Missed Digitalisation: Theses for More Efficiency Within the Fashion Industry

Processes within the fashion industry are inefficient, Ivan Herjavec says, general manager at the wholesale platform Buying Show ( www.buyingshow.com). Structures and processes that are outdated need to be overcome - a breakdown of the fashion industry’s five most striking problems.

1. Planning processes that are outdated

A lack of proper planning processes - too long lead times when ordering or at the production site - is a big issue within the fashion industry. Planning processes did not change in decades. An example for good time management is Zara. A vertical brand, Zara occupies the fast fashion market that takes the latest designs from the runway and immediately turns them into fashion trends. The very reason for that is that nowadays consumers ‘ expectations towards shopping are higher. On their twelve shopping sprees a year on average, they want to explore new things every single time. To meet these requirements, brands do need better planning processes that include product development, production as well as marketing and distribution, aligned with the market and actively communicated to consumers.

2. Digitalise your distribution

Slow and expensive product development processes result from outdated communication channels between brands and manufacturers. To this day, brands will initially develop expensive samples or prototypes for the entire collection to be showcased at fairs, in showrooms, or by the sales force and sent across the globe. But only those pieces that are ordered during these processes will be actually produced. Hence, product testing takes several months from the idea to the production of samples up to the retailers’ order that eventually determines the extent of production. Those processes occur two or three times a year offering not too many opportunities for retailers and brands to exchange ideas. Moreover, selection and order processes of retailers are complex and take long. More often than not, it takes brands weeks to receive a definite order by retailers since they need to make a choice in showrooms and the order needs to be confirmed, too. The brands on the other hand can only place an order with their producers when all orders by the retailers are received.

3. High costs in sales department

The B2B sales process is too short and too expensive: At the beginning of the year, every order for the upcoming season needs to be processed in a very short time window. In order to do so, brands need to expand their sales force to cover a bigger fraction of the market. Then again, those sales teams need lots of samples and they have to travel a lot which produces high costs. Add to that expenses for showrooms in various cities where they can meet up with clients. All those activities produce additional costs.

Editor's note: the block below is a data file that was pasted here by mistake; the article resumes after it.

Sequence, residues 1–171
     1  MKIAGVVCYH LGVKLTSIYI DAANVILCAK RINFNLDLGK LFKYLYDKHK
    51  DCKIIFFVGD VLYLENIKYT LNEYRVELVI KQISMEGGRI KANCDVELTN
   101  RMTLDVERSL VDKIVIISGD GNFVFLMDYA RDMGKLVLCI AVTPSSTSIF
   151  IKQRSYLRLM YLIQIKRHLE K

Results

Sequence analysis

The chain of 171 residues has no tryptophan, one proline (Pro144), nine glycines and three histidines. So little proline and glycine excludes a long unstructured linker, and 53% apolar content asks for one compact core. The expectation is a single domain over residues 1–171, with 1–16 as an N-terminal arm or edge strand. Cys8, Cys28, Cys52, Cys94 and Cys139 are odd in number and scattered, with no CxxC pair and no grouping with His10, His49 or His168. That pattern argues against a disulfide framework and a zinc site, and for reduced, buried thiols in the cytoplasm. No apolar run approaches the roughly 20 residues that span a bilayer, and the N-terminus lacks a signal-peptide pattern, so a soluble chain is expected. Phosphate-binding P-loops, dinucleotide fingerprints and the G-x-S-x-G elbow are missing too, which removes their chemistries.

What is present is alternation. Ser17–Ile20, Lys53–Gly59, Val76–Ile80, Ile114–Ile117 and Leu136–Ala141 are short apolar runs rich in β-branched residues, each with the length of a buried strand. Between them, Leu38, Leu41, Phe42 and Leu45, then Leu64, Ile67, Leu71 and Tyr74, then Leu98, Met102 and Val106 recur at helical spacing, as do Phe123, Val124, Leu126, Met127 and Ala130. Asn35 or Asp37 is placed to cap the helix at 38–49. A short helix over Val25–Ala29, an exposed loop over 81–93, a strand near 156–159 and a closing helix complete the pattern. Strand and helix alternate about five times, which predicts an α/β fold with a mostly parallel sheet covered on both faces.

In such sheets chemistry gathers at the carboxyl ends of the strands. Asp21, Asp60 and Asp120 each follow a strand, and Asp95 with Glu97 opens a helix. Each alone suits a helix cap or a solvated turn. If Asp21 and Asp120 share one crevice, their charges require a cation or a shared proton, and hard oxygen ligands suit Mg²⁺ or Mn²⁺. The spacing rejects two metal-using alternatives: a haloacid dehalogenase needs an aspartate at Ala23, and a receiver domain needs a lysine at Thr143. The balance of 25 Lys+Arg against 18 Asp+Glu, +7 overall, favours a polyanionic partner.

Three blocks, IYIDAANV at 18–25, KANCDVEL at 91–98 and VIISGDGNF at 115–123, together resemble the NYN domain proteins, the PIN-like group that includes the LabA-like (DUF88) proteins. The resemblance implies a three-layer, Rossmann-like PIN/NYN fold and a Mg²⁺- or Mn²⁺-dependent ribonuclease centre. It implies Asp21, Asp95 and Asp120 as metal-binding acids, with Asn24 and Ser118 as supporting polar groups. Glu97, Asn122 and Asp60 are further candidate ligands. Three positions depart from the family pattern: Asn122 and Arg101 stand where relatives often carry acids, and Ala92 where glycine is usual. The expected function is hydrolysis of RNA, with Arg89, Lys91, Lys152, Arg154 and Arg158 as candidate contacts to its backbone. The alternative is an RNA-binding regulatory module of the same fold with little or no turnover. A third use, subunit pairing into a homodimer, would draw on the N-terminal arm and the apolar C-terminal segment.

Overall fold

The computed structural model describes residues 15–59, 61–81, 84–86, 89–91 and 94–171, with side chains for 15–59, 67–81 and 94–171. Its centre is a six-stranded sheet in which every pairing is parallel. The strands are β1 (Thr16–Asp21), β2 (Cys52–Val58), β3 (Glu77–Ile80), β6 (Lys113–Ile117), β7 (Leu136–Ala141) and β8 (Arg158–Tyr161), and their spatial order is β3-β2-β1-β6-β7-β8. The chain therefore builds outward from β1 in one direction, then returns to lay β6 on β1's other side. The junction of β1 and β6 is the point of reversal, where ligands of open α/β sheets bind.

Almost every brand misses the opportunity to sell its collection during the season to its clients, the retailers. Interested parties cannot look at a brand’s inventory. They know only what is available by request. Brands with remaining stocks can only get rid of them through extensive acquisition. There is a lack of efficient processes and technical support to make additional sales more profitable. Selling of the goods gets pricy until in the very end, margins are barely existent and goods are sold at dumping prices to outlets in the far east for instance.

4. Risks due to order cancellation

It might take half a year between the placing of an order and shipment which leads to a high level of risk: Retailers can cancel their orders that already had been forwarded by the brand to its producers. Also, there is the risk that the brand cancels orders for various reasons. Both parties incur a risk. In case of a cancellation, retailers have to find another brand or product category whereas brands need to find other retailers for this very order.

5. Lack of money

The time gap between order, shipment and sale of goods are quite a big problem for the fashion industry for brands usually need to pay producers up front and only in a best case scenario 30 days after receiving the goods. The average delivery time from the factory to the warehouse is 30-60 days. This means that goods that arrive at the brands’ warehouses are either paid for or are about to be paid for.

Retailers expect term of payments of 30 to 90 days, starting with the receipt of invoice (usually the date of shipment from brand to retailer). This means that brands are financing the deal 30 to 120 days in advance (sometimes even beyond that stretch), incurring a high level of risk. Retailers as well need 90 days on average to sell so many goods that their costs are covered.

Solution approach

Brands and retailers alike will find assistance and solutions for these avoidable main issues of the fashion industry at Buying Show, the digital wholesale platform. Buying Show connects brands and retailers, grants access to a variety of different collections and enables uncomplicated and fast orders and payment at a one stop source.